Uploaded on Jan 12, 2012
Lorenzo Ferrero: Piano Concerto (1991)
Adagio molto 0:00
Allegro vivo 6:42
Riccardo Caramella, piano
Niksa Bareza, conductor
Croatian Radio Television Symphony Orchestra
Lorenzo Ferrero (Torino, 1951)
Concerto per pianoforte e orchestra (Prague 1991)
There are only two movements in the Concerto.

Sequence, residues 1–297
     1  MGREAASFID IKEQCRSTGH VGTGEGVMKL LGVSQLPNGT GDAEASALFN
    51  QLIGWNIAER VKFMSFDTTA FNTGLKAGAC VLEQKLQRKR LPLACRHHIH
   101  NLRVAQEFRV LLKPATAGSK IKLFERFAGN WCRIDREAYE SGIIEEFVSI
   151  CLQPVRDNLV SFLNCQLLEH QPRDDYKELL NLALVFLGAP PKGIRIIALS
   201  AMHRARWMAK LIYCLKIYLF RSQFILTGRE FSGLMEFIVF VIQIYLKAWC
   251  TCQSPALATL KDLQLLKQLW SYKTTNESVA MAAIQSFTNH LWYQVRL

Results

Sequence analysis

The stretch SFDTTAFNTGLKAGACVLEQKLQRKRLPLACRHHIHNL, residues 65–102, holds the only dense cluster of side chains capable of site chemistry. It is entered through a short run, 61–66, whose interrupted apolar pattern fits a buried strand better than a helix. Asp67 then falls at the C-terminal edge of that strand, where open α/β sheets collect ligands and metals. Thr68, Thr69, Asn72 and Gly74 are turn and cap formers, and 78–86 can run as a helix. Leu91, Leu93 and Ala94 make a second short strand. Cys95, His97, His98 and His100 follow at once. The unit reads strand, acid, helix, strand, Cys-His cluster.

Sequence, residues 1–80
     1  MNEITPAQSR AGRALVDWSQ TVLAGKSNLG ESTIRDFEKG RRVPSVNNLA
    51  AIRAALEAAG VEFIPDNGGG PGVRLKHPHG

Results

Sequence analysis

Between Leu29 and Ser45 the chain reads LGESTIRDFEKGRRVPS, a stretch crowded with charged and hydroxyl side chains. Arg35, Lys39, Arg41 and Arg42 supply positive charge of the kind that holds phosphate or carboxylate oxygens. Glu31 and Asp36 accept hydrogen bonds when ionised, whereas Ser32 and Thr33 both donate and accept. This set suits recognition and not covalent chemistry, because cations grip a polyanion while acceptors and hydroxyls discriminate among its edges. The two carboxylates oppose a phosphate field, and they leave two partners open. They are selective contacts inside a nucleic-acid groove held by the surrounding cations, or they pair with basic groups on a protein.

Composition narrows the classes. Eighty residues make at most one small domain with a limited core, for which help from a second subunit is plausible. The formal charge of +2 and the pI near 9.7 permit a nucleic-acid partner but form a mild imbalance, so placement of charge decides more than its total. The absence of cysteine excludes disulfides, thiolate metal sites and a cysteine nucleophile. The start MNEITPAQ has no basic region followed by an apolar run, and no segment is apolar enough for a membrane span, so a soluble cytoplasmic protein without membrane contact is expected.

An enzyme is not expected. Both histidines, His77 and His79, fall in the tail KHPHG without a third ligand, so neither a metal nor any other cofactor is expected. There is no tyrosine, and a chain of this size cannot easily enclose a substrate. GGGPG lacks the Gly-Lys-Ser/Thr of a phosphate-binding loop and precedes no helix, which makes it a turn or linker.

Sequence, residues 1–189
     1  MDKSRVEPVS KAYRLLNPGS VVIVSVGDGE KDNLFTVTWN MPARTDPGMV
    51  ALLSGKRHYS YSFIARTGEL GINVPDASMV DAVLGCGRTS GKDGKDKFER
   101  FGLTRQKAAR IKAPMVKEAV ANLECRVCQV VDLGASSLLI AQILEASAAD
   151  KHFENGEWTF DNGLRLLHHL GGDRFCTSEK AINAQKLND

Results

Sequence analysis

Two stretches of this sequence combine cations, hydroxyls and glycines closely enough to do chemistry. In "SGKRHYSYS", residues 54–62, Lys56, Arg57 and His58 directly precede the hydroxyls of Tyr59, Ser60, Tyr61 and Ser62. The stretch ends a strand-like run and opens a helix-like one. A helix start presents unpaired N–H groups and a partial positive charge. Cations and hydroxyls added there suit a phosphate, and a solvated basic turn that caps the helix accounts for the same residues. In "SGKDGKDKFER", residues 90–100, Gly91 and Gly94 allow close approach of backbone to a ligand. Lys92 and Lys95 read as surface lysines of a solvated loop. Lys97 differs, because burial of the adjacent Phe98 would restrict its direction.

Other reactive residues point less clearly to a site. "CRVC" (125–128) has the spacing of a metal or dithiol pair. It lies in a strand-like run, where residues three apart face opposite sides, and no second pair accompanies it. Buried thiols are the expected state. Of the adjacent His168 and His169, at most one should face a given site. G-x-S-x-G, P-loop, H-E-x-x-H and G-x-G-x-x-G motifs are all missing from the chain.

The Adagio molto is dreamy, allusive and mysterious but soon enters dangerous harmonic spirals which sound like walking on quicksand, The movement fades out, in fact, whit the strings in high resister leaving a profound sense of suspense. The entry to the second movement (Allegro vivo) is assigned to the piano which, forgetting its nineteenth century past, takes its cue from the basic rhythmic patterns of today's popular urban music. While the orchestra plays another simple and easy to be remembered theme, the rhythm of the piano widens in virtuoso patterns cruelly imprisoned in inexorable rhythmical schemes, to then explode in a toccata vaguely reminiscent of Bach, with baroque and popular elements, hand crossing, and close alternation between soloist and orchestra. There is then a reprise which does not, however, bring the Concerto to a conclusion. Indeed after the "false reprise" the work seems to withdraw into a new sonorous world characterized by a certain expressive introversion. This turning point in the movement starts with a section which is less defined by the rhythm and whose tempo is looser. There are moments of dark anger recalling the first movement, there are suspend arpeggios and numerous repetitions of the various themes. Some of these use the same harmonic patterns of the first movement but the real reprise is a few pages before the conclusion, beginning with a kind of low piano rumbling. On a first listening the Concerto seems to evolve from a classical form, but whit the abolition of the first movement, a contraction of the slow tempo and an unusual expansion of the final rondo. Naturally the composer does not choose the solution of having the piano constantly playing with the orchestra (as in most contemporary scores), but keeps them in distinct and separate roles, as in the traditional repertoire. Nevertheless the significance of the relationship between soloist and orchestra is distinguished from that of romantic style. The thematic content is often different between orchestra and piano, and in many cases it traces a kind of elaborate "dialogue between the deaf". The piano in particular seems to be reluctant to take part in the orchestra's themes, with only a few exceptions. Basically, to understand the form of this work on must regard the miniaturization of the themes, which causes there to be a closer alternation between the parts, a vast and interlinked structure within a long but not excessive time period. It has a style which is continuously referring to and alluding to well known musical attitudes that do not need to be insisted upon repeated, as the past models are still fresh in the audience's mind. On the subject of post-modernism Ferrero says that after all the colonnades we have seen from ancient Greece to the Renaissance, one column is sufficient to evoke classicism as a result of this he truncates the cadences of the piano, he suggests the atmosphere of a theme without following it through, schematizes development links and is thus able to continuously vary the form and keep the listener's interest thanks to intentionally contracted elements.
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